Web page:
On an ordinary day, I would bet someone suggested to you that we live in a computer simulation. Whether it’s a curious friend or the anonymous writer of a bold sign outside your local cafe, your perfectly peaceful life has been interrupted by the eerie thought.
SpaceX CEO Elon Musk has openly defended the concept, making headlines in recent years. Even astronomer Neil DeGrasse Tyson gave him a 50-50 chances. But on the other hand, some see it as a unscientific, unprovable mental exercise.
What we need to talk about, however, is how the original argument suggests that existing in a weird hyperrealistic video game might just be the best case scenario for us. Maybe we should hope we live in a computer simulation.
Existing in a digital reality may mean that the world will not sink into a terrible demise, like the sudden extinction of humans or the cessation of technological advances. Musk seems to agree.
Think about it.
Alluded to for centuries, from Plato cave allegory in Descartes evil demon concept, the hold of simulation theory on our attention – including that of Musk – is mainly attributed to concocted argument in 2003 by Swedish philosopher Nick Bostrom.
Option A: We are getting to the point where we can make an indistinguishable simulation of the natural world. So we make one.
Option B: We acquire the technology to make one, but for some reason no one ever does.
Option C: We never get there. (That is, humans go extinct before we can build one.)
Technically, Bostrom believes people will go out of their way to create a simulation that will help us understand our ancestry. But given our unwavering dedication to The Sims and Skyrim, I’d say it could really be anything.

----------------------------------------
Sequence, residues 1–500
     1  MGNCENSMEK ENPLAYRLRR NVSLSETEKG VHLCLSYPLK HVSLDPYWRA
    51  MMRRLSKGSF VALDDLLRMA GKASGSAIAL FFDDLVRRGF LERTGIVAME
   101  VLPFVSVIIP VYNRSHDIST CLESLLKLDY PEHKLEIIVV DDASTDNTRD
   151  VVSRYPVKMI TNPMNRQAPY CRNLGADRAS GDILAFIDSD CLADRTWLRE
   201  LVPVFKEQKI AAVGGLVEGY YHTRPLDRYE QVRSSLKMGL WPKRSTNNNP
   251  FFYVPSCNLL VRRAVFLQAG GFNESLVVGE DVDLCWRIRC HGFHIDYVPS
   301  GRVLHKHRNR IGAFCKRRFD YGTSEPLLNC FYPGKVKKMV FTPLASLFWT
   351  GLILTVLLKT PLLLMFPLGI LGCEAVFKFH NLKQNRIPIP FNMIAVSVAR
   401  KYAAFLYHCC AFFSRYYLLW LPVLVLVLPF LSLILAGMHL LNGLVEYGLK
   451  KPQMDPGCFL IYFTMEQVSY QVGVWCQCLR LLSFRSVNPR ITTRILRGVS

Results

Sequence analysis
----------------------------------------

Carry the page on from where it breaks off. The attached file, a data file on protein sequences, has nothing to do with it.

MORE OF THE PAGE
The rise of technology
Let’s first talk about the important day that Bostrom is referring to. This is the theoretical point at which we can finally make a simulation identical to all aspects of our world.
Of course, technology still has some way to go before such a false reality can materialize, but it cannot be ignored that digital advancements have become seemingly unstoppable.
Musk often cites this certainty when discussing existential theory. At a conference in 2016, he explained that “40 years ago we had Pong – two rectangles and a dot. That’s where we were. Now 40 years later we have photorealistic 3D simulations with millions of people playing simultaneously, and it gets better every year. “
In fact, Japanese researchers recently created a digital version of the universe that anyone can explore, calling it Uchuu, which in Japanese means “outer space”. It contains no one, but it is considered the most realistic simulation of the universe to date and aims to help scientists study the evolution of the cosmos.
In addition to the anecdotal evidence, the researchers even tried to calculate how long it would take to get to the point when pressing a button leads to a simulated life. Massachusetts Institute of Technology computer scientist Rizwan Virk, for example, wrote a book on the subject.
There is some debate over the scale, but unless there are those who argue that it is impossible, experts like Bostrom agree the duration is over. This means that if that happens, at any time, the Forgotten Day exists somewhere on our timeline.
Congratulations if you’ve made it this far – breathe, because it’s getting stranger and stranger.
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OK, but why would we be in the simulation?
It’s a beautiful Tuesday morning, you scroll down Twitter and see news that simulating life, exactly as we know it, is doable from this day forward. All we have to do is press a big red LAUNCH SIMULATION button that will go live.
Humanity is at a crossroads: to press or not to press the button?